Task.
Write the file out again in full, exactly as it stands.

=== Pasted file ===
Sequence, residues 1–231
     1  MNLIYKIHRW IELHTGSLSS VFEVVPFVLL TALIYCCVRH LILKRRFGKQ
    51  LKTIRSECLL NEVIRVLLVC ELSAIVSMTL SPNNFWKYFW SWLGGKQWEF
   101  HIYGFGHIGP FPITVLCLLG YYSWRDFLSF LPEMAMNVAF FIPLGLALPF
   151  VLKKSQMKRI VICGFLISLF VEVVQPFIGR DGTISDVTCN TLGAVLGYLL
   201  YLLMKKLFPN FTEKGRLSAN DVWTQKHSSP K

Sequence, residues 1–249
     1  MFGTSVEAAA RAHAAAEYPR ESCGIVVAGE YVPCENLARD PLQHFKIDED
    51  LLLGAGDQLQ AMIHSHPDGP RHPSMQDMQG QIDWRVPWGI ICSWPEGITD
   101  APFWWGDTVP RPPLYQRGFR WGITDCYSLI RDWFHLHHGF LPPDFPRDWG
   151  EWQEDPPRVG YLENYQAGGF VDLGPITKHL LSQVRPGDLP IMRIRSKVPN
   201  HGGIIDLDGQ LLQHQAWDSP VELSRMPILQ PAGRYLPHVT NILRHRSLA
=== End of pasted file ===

Sequence, residues 1–231
     1  MNLIYKIHRW IELHTGSLSS VFEVVPFVLL TALIYCCVRH LILKRRFGKQ
    51  LKTIRSECLL NEVIRVLLVC ELSAIVSMTL SPNNFWKYFW SWLGGKQWEF
   101  HIYGFGHIGP FPITVLCLLG YYSWRDFLSF LPEMAMNVAF FIPLGLALPF
   151  VLKKSQMKRI VICGFLISLF VEVVQPFIGR DGTISDVTCN TLGAVLGYLL
   201  YLLMKKLFPN FTEKGRLSAN DVWTQKHSSP K

Sequence, residues 1–249
     1  MFGTSVEAAA RAHAAAEYPR ESCGIVVAGE YVPCENLARD PLQHFKIDED
    51  LLLGAGDQLQ AMIHSHPDGP RHPSMQDMQG QIDWRVPWGI ICSWPEGITD
   101  APFWWGDTVP RPPLYQRGFR WGITDCYSLI RDWFHLHHGF LPPDFPRDWG
   151  EWQEDPPRVG YLENYQAGGF VDLGPITKHL LSQVRPGDLP IMRIRSKVPN
   201  HGGIIDLDGQ LLQHQAWDSP VELSRMPILQ PAGRYLPHVT NILRHRSLA